When the Ad Lib Club closed in the early hours of the following morning, George Harrison drove the others home in Pattie’s orange Mini Cooper S, which he had given to her as a present.

It was daylight and I drove everyone home – I was driving a Mini with John and Cynthia and Pattie in it. I seem to remember we were doing 18 miles an hour and I was really concentrating – because some of the time I just felt normal and then, before I knew where I was, it was all crazy again. Anyway, we got home safe and sound, and somewhere down the line John and Cynthia got home. I went to bed and lay there for, like, three years.
George Harrison

John Lennon revealed more about the journey to George’s in his 1970 interview with Rolling Stone magazine.

George somehow or another managed to drive us home in his Mini. We were going about ten miles an hour, but it seemed like a thousand. And Pattie was saying, ‘Let’s jump out and play football, there’s these big rugby poles’ and things like that. I was getting all this sort of hysterical jokes coming out, like with speed, because I was always on that, too.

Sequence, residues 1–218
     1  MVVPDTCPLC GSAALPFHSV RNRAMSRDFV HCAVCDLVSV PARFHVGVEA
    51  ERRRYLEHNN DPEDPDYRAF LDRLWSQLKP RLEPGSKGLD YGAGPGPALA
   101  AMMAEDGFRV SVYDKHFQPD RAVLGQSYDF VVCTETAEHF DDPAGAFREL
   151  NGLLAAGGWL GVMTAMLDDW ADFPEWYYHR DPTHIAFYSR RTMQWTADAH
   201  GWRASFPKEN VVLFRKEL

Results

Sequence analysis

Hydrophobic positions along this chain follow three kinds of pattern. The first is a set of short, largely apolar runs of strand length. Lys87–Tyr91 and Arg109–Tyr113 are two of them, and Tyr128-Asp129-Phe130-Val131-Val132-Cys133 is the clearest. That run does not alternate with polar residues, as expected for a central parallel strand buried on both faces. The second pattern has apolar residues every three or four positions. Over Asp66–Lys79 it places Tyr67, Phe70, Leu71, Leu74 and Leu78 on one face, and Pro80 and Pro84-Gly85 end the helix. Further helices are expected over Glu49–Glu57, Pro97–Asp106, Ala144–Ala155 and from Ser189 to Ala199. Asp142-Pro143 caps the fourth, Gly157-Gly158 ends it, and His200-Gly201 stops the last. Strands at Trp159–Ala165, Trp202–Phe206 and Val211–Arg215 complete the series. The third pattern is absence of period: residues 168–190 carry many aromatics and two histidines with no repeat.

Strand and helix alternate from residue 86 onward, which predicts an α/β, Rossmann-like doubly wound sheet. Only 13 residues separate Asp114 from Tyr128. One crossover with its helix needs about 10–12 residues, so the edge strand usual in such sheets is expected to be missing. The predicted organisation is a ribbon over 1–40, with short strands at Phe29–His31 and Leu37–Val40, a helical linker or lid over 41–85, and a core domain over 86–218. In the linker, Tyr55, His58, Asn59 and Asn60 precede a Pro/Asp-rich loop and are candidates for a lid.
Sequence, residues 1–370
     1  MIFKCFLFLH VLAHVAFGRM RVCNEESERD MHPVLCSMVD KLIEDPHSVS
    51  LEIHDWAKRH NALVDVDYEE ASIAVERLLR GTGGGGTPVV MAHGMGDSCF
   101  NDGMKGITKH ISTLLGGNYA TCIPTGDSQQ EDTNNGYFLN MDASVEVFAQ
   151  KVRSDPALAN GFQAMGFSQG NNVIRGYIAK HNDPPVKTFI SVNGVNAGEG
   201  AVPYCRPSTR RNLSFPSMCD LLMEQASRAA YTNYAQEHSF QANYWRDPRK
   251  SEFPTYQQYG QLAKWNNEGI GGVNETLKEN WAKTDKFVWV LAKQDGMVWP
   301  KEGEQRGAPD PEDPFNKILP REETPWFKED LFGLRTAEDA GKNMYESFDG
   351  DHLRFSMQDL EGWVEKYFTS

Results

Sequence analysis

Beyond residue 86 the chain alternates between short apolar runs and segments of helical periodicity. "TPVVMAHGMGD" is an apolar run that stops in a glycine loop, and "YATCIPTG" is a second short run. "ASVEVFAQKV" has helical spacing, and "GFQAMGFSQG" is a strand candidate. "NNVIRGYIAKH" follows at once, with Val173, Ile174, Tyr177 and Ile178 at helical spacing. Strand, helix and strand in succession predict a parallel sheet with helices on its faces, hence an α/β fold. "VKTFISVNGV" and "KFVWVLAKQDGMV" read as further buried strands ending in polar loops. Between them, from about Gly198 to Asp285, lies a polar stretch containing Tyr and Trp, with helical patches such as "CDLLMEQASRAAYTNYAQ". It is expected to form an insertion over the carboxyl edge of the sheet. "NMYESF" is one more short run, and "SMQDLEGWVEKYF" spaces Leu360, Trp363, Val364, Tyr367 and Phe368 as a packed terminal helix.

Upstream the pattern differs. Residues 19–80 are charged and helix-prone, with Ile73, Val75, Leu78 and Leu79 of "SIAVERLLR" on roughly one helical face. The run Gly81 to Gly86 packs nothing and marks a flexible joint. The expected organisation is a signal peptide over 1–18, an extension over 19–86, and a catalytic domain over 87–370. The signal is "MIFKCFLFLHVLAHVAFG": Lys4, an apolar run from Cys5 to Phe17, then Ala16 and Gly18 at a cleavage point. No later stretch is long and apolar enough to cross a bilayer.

George was going, ‘Don’t make me laugh!’ Oh God! It was just terrifying. But it was fantastic. I did some drawings at the time – I’ve got them somewhere – of four faces and ‘we all agree with you,’ things like that. I gave them to Ringo, I’ve lost the originals. I did a lot of drawing that night – just like that. And then George’s house seemed to be just like a big submarine. I was driving it – they all went to bed and I was carrying on on me own – it seemed to float above his wall, which was eighteen foot, and I was driving it.

John Lennon
Lennon Remembers, Jann S Wenner

Lennon’s wife Cynthia remembered the occasion less fondly.

John and I weren’t capable of getting back to Kenwood from there, so the four of us sat up for the rest of the night as the walls moved, the plants talked, other people looked like ghouls and time stood still. It was horrific: I hated the lack of control and not knowing what was going on or what would happen next.
Cynthia Lennon
Published: |